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USEF Competitions Update: Wildfires and Air Quality Impacting the West Coast

Photo by DevonWood.

The 2020 competition year continues to challenge everyone in the equestrian community. Now, the impacts initially caused by the pandemic are being amplified on the West Coast due to the tragic wildfires affecting the states of California, Oregon and Washington. In light of these devastating wildfires, concerns over air quality are ever-present since both humans and equines can be equally impacted.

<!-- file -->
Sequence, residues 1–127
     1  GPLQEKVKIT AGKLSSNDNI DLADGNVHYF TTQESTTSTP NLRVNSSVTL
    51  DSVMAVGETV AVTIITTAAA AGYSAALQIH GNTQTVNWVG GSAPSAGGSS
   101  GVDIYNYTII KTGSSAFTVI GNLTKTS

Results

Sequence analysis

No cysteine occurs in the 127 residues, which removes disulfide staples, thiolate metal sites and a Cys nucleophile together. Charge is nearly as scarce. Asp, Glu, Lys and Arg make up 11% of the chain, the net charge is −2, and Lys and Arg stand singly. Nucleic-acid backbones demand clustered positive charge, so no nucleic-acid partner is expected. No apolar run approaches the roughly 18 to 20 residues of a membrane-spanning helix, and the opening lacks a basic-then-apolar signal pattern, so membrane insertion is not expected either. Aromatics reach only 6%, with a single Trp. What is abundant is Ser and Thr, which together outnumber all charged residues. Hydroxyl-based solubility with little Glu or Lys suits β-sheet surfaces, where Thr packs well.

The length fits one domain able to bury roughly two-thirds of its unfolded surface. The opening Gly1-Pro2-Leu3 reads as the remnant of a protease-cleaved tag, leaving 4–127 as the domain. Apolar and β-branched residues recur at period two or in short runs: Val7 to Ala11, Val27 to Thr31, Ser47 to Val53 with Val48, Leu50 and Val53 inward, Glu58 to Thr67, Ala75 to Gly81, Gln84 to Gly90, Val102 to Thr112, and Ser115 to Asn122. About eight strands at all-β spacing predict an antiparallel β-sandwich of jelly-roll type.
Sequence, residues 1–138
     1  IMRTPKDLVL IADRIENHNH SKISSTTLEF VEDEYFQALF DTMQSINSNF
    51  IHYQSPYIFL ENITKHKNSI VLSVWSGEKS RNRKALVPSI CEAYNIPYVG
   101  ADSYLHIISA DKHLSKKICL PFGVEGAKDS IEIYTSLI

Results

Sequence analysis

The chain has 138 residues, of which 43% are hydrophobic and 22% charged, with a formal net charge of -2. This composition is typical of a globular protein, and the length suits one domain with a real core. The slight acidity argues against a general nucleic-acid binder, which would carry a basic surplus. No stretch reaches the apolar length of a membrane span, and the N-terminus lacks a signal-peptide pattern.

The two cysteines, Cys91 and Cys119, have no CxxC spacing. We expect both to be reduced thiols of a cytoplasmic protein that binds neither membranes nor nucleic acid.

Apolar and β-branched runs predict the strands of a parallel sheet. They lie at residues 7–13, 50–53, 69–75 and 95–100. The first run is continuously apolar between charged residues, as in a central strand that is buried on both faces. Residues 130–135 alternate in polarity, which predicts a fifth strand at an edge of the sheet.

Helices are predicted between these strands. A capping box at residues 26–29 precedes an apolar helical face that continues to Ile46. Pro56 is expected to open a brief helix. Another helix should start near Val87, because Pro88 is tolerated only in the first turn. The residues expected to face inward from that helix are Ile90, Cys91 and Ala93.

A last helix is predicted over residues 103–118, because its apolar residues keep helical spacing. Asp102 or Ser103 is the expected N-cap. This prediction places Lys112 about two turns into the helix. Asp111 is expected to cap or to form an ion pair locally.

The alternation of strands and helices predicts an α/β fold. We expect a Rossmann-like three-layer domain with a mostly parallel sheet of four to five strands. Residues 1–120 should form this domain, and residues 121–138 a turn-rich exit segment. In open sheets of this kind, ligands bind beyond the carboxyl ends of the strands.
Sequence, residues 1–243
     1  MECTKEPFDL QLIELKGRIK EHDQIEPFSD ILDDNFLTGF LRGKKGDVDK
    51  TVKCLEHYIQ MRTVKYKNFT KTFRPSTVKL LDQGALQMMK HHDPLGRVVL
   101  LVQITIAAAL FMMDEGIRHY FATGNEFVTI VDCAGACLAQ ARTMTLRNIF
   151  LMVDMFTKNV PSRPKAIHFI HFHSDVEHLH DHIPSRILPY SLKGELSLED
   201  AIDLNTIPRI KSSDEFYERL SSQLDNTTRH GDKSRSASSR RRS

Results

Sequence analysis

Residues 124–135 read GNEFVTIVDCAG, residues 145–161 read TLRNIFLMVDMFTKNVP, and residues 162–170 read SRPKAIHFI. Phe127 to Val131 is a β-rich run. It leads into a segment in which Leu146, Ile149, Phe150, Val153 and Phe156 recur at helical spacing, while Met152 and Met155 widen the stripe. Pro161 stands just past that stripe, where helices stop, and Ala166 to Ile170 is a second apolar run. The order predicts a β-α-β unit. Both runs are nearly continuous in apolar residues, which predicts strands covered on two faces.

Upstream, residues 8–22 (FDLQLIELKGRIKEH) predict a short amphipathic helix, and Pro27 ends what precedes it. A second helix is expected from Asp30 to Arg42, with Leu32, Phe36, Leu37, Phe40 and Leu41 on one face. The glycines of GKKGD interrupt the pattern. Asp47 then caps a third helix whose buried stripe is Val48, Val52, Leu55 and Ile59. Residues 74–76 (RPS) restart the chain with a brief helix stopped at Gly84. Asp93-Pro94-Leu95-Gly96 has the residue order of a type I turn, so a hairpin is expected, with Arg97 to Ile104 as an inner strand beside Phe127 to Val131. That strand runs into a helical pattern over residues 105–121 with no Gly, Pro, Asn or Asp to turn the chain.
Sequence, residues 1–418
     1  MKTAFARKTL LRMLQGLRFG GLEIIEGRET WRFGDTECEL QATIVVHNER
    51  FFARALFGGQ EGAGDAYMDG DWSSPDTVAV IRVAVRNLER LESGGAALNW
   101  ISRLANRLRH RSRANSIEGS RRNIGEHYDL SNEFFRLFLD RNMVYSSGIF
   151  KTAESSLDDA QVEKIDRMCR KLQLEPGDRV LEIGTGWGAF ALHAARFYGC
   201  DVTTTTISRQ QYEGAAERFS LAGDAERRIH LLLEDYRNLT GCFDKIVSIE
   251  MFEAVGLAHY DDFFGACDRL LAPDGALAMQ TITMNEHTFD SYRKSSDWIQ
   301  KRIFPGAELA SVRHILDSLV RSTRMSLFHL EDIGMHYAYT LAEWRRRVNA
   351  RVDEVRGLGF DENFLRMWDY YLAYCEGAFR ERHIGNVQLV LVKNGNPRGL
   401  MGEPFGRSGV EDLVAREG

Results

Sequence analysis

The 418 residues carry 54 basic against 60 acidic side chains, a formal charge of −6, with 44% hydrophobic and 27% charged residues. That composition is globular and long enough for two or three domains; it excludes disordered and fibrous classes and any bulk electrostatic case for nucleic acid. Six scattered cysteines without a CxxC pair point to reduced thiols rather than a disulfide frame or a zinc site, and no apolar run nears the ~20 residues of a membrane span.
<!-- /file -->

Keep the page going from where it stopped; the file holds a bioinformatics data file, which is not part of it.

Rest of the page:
USEF believes the decision by organizers to operate, suspend, or cancel competitions due to compromised air quality is best made by each individual organizer, because venue conditions can vary and can change rapidly depending upon weather, geography, and other factors. In order to make the most informed decision, competition organizers must consult with state and local health authorities and government agencies and should frequently review the Environmental Protection Agency guidelines involving air quality at to determine whether or not to operate their events. Additionally, to best protect the health and safety of both equine and human competitors, the USEF strongly recommends that, in situations where the Air Quality Index (AQI) reaches 151 or above, an organizer consider suspending or cancelling competition. In cases of cancellation, organizers must inform competitors about refund or credit policies.